It's always a good time to learn CW!

The way to learn morse code is to start slowly, practice with a few letters, continually expand that group of letters, and practice often. During WW2, the US Army discovered if they woke the trainees up in the middle of the night, gave them a half hour of practice and sent them back to bed, they learned faster.

My absolute favorite learning site was created by Kurt Zoglmann, ADWE who is on the staff at Kansas State University in Manhattan, Kansas. There are two links but they really come off of one of his main pages. The first one teaches letters beginning with T. Then the second letter (A) can be selected to combine with T and now you have two letters. The third letter (E) will combine with T and A, etc. The great news here is that at this point in your practice, if you get hungry, you can say, "EAT."

The speed on the program is good. The Farnsworth method used is where the letter is sent faster and the pause between characters is longer. I've not talked with Kurt by voice, but we have exchanged a number of email. He did this site because of a love of CW and helping others to enjoy learning CW.

When you are comfortable with all the letters, the second link will get you to a chart with many choices. Choose 15 wpm at first and then as soon as you make your second selection of content, it will zoom off to what you want. I like the US state and Canadian province abbreviations. I know there are going to be only two letters, and I also know what all the abbreviations stand for.... I'm ready to copy. Then see if you can do it without writing the two letters down. That's called, "head copy." There are also lots of other choices in content.

Kurt struggled with learning CW in the beginning, and thus: The Morse Code Ninja.

Morse Code Ninja - Beginning

Morse Code Ninja - Further along

...and interesting information about an organization called

Here's an international one you ought to join: Straight Key Century Club - It's free to become a member. The only requirement is a ham license of any class from any country.
Put AUS in their search engine and see all the members from Australia.


I worked for the state police in Iowa as a summer replacement dispatcher and operator for six years as my college summer job. One of my functions was as a CW operator for the state police interstate network. This was before the police interstate teletype system was set up. If a state, city or county officer wanted information on an out-of-state vehicle or driver, it was done on CW. The CW stations were set up in the capital cities in every state in the US. I was pleased to be able to do it because it put time on my commercial FCC Radiotelegraph license which was needed for renewal purposes at the time. My 1st Class FCC Radiotelephone license got me the job. It was a great experience.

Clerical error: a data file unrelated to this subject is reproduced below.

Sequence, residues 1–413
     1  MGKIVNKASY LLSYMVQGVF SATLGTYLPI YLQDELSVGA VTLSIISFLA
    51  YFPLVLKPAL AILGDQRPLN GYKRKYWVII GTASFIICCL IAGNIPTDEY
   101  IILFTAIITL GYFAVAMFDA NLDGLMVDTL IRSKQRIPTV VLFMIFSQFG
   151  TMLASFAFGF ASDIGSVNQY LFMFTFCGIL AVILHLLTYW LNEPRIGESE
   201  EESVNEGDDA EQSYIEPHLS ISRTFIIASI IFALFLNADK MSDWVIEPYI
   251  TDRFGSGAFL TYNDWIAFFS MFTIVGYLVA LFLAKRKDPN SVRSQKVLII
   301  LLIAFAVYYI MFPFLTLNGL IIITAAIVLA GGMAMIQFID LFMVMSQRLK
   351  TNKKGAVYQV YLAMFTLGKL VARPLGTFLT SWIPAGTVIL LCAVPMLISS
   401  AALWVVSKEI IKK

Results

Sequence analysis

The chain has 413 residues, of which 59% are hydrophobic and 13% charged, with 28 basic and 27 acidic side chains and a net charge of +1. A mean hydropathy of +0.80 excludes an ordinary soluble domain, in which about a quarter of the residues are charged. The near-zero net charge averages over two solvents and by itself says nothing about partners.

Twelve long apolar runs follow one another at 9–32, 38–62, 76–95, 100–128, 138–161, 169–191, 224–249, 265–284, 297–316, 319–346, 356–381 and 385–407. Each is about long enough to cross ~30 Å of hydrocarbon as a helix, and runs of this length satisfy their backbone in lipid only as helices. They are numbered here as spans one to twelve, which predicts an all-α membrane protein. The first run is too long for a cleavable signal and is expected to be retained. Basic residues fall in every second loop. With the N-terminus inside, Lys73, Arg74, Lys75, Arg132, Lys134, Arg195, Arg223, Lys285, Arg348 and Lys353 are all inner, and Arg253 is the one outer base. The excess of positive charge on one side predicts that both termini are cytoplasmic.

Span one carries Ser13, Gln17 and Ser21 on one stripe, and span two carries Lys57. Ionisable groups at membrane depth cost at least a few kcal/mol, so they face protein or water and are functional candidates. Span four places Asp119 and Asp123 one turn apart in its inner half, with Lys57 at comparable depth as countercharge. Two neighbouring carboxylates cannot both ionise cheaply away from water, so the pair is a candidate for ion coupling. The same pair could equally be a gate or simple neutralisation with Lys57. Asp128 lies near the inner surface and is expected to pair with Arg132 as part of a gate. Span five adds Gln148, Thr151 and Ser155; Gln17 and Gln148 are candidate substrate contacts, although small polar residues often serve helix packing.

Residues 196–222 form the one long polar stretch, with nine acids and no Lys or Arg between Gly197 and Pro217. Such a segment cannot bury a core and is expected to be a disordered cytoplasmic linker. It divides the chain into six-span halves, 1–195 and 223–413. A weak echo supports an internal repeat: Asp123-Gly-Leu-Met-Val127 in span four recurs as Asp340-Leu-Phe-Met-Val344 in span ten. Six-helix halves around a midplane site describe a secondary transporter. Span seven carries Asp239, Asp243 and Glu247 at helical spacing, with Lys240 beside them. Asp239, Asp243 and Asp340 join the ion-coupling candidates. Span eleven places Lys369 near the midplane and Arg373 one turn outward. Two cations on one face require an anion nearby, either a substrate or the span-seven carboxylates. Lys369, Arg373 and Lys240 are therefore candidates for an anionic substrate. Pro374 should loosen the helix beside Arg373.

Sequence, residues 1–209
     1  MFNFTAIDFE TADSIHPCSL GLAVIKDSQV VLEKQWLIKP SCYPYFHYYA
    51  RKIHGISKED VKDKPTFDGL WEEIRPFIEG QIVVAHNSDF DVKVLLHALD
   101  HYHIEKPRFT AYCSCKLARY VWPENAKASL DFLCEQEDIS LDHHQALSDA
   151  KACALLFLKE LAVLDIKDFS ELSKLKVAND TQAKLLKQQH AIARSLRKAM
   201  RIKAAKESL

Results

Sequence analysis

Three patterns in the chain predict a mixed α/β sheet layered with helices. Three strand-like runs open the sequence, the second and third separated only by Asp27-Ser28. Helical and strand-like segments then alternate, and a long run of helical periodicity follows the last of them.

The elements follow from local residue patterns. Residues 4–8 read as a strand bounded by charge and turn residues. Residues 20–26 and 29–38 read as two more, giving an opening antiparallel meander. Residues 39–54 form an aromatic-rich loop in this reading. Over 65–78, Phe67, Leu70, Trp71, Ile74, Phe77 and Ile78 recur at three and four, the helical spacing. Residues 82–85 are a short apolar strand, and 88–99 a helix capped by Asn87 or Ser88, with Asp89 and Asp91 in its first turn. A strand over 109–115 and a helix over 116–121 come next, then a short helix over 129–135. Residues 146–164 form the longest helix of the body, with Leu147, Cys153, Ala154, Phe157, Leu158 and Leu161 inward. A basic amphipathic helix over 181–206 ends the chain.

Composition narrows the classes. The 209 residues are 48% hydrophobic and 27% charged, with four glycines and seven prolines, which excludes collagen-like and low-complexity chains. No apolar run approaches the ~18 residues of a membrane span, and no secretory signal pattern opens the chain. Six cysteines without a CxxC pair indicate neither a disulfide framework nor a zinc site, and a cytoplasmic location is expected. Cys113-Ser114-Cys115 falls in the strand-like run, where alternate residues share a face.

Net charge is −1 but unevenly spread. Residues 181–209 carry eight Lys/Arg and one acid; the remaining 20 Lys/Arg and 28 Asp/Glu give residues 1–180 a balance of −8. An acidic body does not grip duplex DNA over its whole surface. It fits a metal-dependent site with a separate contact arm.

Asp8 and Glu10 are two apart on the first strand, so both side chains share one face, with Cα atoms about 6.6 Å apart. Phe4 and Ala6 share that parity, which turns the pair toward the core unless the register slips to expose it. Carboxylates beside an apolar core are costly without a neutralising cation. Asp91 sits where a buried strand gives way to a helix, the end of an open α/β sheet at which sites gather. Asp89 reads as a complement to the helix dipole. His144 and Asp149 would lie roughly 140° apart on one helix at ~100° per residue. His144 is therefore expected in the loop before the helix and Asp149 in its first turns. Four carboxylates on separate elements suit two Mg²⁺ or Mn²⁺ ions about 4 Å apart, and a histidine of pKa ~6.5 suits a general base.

I personally feel that CW is true ham radio dating from the early 20th Century. I have spent time with three really-old-timers who were fantastic CW operators, partly because that's all there was in the beginning. One was Ken in Des Moines, Iowa. He was licensed by the US Post Office in 1916, and his call was 9LO. Later in 1927 that became W9LO and then after WW2, he became WLO when the 9th area was split up. The second was Earl in Gainesville, Florida. He was licensed in 1931 and was W4NG. His entire career was as a merchant marine CW operator. One time at a club meeting, we gave the 5 wpm Novice CW exam to those present as a demonstration. Earl couldn't copy it. He was fine at 40 to 50 wpm. The third was Don in Rancho Palos Verdes, California. He was on the air in 1909 (at the age of 10) before there were licenses. Don, W6AM was a world-famous ham in the mid 20th Century. I visited Don at his California hamshack in 1980 when he was 81. Don asked me if I wanted to operate his station; I jumped at the chance. Then when I got into a CW QSO with a station in Europe, Don started talking to me at the same time that I was sending. He could easily carry on two conversations at the same time, one on CW. I can do it, but I'm a little jerky on the voice conversation part while sending or receiving CW simultaneously. I realized later that he just wanted to see if I could do it.

I think about them when I am operating CW.

One more story. I'm a member of the Old-Old-Timers Club. The main requirement of that club is to have been a licensed ham for 40 years. I qualified in 1995. No big deal, except, when it started in 1947, the requirements were the same. Do a little math here... that means that those eight or nine people who started OOTC had to have been hams in 1907 or earlier. They were the original CW (spark) operators! Those were the days of Guglielmo Marconi! OOTC member #5 was Lee de Forest who was born in Iowa in 1873. Lee invented the Audion in 1907, the triode vacuum tube/valve which made AM broadcast radio possible.

Have fun with CW! You're continuing a part of history:

Samuel F.B. Morse, 1791 - 1872